Tips for Troubleshooting Common MIG Weld Defects
Weld defects are often caused by improper technique or parameters, such as poor shielding gas coverage or incorrect travel speeds.
MIG welding troubleshooting
As with most things, welding is subject to human error from time to time. Weld defects are often caused by improper technique, parameters or equipment settings. When a weld defect appears, it's important for welders to have the knowledge to fix the situation as quickly as possible.
Porosity in welding
Porosity, one of the most common MIG welding defects, is the result of gas becoming trapped in the weld metal. Inadequate shielding gas coverage is among the biggest culprits, and this can be addressed in several ways. First, check the regulator or flow meter for adequate gas flow, increasing it as necessary. Check the gas hoses and welding gun for possible leaks, and block off the welding area if drafts are present.
To promote proper shielding gas coverage, it’s also important to use a large enough nozzle to shield the weld pool fully with gas, keep the nozzle clean and free of spatter, and follow the manufacturer’s recommendation for proper contact tip recess.
Other causes of porosity include:
- Dirty base material.
- Excessive gun angle.
- Extending the wire too far from the nozzle. A good rule of thumb is to extend the wire no more than 1/2 inch past the nozzle.
- Wet or contaminated shielding gas cylinders. Replace damaged cylinders immediately.
Lack of fusion and cold lap
The terms cold lap and lack of fusion are often used interchangeably. However, they are slightly different and can happen independently or in conjunction with one another in MIG welding.
Lack of fusion is the result of the weld metal failing to fuse completely to the base metal or to the preceding weld bead. It’s caused primarily by improper welding gun angle or incorrect travel speed. Avoid this problem by maintaining a 0- to 15-degree gun angle during welding and keeping the arc on the leading edge of the weld pool. It’s sometimes necessary to increase travel speed to maintain correct arc position. Insufficient heat in the weld can also cause lack of fusion. This can be remedied by increasing voltage settings or wire feed speeds.
Using incorrect travel speeds can also result in cold lap, which causes the weld to overfill and essentially overlap on the toes of the weld. Increasing travel speed helps prevent this problem.
Burn-through, which happens when the weld metal penetrates completely through the base material, is especially common when welding thin materials less than 1/8 inch or about 12 gauge. Excessive heat is the main cause of burn-through, and this can be fixed by reducing voltage or wire feed speed. Increasing travel speed may also help, particularly when MIG welding on materials especially prone to heat buildup like thin aluminum.
Several issues in the MIG welding process can contribute to excessive spatter, including:
- Insufficient shielding gas
- Dirty base materials, contaminated or rusty weld wire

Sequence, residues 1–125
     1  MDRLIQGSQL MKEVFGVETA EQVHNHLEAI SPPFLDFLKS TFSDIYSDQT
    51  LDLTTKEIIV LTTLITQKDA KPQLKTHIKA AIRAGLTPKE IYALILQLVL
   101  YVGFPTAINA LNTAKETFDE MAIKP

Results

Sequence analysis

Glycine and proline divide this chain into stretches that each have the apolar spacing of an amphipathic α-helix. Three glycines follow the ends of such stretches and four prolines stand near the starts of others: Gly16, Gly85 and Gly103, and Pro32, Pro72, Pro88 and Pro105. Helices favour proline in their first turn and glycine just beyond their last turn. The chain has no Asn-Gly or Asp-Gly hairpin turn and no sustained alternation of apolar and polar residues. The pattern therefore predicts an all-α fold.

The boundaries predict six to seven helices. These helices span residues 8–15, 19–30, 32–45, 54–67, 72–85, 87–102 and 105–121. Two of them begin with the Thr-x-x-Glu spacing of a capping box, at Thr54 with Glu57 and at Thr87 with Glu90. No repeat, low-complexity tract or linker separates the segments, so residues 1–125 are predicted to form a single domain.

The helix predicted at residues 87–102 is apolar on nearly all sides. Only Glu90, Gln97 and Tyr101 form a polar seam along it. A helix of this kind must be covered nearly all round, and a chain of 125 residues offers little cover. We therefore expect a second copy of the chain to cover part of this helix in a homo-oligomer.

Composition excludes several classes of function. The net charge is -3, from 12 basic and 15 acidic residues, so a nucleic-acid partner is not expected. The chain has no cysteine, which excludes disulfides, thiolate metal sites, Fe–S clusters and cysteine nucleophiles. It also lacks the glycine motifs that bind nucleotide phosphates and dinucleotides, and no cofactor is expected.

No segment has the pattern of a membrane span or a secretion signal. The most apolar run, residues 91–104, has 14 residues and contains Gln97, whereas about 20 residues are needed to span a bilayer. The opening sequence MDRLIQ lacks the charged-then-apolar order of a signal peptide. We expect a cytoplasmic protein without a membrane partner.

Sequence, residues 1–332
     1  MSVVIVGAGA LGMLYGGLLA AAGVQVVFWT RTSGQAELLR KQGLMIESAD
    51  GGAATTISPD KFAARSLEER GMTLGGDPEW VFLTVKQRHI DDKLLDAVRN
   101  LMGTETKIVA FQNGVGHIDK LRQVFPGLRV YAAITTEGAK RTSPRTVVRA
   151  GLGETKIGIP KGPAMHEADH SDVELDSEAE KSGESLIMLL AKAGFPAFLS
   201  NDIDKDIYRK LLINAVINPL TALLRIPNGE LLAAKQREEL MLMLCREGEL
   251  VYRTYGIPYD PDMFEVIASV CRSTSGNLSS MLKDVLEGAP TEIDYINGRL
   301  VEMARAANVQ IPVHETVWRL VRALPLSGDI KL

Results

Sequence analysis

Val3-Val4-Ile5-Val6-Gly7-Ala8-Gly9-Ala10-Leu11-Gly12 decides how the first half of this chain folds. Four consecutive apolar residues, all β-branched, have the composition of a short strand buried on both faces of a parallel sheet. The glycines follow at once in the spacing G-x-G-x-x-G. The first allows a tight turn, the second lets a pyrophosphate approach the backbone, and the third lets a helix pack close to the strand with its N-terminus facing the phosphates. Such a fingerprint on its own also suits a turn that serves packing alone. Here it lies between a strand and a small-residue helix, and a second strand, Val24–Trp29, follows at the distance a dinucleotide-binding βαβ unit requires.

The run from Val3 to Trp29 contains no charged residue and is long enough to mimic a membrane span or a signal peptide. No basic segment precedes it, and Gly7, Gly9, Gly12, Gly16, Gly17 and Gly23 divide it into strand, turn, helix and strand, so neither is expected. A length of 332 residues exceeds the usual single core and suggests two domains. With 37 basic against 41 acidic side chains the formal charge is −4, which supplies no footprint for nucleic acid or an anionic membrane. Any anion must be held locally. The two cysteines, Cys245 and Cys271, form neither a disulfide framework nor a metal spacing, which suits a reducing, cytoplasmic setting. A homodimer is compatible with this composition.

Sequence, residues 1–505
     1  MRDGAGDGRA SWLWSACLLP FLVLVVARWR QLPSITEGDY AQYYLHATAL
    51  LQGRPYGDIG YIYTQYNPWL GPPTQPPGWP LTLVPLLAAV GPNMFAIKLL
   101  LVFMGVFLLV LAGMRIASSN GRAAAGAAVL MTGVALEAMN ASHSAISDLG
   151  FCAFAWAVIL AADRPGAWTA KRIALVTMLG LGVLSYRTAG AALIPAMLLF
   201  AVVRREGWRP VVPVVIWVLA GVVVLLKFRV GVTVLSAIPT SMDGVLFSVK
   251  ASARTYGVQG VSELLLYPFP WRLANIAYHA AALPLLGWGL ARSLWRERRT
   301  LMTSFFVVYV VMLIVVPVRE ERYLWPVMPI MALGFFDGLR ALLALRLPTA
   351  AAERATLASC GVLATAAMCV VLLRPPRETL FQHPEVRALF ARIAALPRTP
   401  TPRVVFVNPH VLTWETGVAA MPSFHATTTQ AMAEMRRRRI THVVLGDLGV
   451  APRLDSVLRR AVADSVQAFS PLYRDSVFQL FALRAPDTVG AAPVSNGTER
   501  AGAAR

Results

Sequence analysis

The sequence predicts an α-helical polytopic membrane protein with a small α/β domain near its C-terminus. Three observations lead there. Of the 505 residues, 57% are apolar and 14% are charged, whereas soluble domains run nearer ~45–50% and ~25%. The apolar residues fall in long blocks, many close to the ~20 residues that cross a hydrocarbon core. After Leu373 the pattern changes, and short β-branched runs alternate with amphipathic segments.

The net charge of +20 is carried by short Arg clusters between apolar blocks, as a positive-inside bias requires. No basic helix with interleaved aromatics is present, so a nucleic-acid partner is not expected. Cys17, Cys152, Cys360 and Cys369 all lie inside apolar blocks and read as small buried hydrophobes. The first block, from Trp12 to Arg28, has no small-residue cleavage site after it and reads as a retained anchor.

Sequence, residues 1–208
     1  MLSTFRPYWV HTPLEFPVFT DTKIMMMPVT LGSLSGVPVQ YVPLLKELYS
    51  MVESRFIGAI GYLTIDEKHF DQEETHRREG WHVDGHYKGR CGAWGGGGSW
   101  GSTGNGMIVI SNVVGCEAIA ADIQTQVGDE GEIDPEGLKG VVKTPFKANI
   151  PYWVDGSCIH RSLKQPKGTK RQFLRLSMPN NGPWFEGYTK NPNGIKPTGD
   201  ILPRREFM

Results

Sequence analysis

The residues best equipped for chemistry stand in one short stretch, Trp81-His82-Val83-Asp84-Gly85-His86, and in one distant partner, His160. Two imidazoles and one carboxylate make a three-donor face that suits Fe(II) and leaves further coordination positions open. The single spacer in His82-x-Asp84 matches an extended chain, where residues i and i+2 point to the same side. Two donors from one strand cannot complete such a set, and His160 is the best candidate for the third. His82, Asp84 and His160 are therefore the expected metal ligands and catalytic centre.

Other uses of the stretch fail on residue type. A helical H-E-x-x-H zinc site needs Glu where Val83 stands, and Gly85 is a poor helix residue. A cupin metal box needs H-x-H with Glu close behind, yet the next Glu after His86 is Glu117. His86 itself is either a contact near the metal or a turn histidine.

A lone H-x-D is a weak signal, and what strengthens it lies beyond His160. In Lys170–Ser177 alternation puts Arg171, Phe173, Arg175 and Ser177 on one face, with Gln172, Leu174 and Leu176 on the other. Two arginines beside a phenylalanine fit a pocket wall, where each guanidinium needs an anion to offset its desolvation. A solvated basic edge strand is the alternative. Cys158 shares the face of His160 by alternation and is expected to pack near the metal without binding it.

- Voltage or travel speeds that are too high
- Excessive wire stickout
Ensuring proper shielding gas flow, cleaning base materials thoroughly, lowering the weld parameter settings and using a shorter stickout are ways to avoid excessive spatter accumulation.
For self-shielded flux-cored wires, be certain to weld with straight polarity (electrode negative) and use a drag technique to minimize the opportunity for spatter buildup. When using flux-cored or metal-cored wires, low voltage can also produce an excessive amount of spatter. If you see spatter accumulating, increase voltage as needed.
The wrong size contact tip, a worn contact tip or the wrong contact-tip-to-nozzle recess can also cause excessive spatter.
Concave and convex weld beads
The goal is to create a smooth, flat weld bead. Welds that are too concave or convex can compromise the integrity of the finished product.
Concave weld beads are particularly prevalent when welding in vertical-down applications and are simply the result of working against gravity. Adjust the parameters to a lower setting so the weld pool is less fluid and more able to fill in the joint. If a concave weld bead appears in the flat or horizontal position, it’s often the result of voltage that’s too high, wire feed speed that is too slow or travel speed that is too fast.
Convex weld beads are high, rope-like welds that generally happen in flat and horizontal welding, but can also occur in fillet welds, when the parameters are too cold for the material. Convex weld beads normally have poor fusion of the toes. Increase the voltage to prevent convex beads. Always follow recommended welding procedures and use proper shielding gas for the material, as well as the correct polarity for the wire.
Addressing common weld defects
To minimize the time and money spent addressing MIG weld defects, take a systematic approach for troubleshooting each one should they appear. Look for any variables that have changed during the course of welding — such as parameters or welder technique — then consider these tips as potential remedies.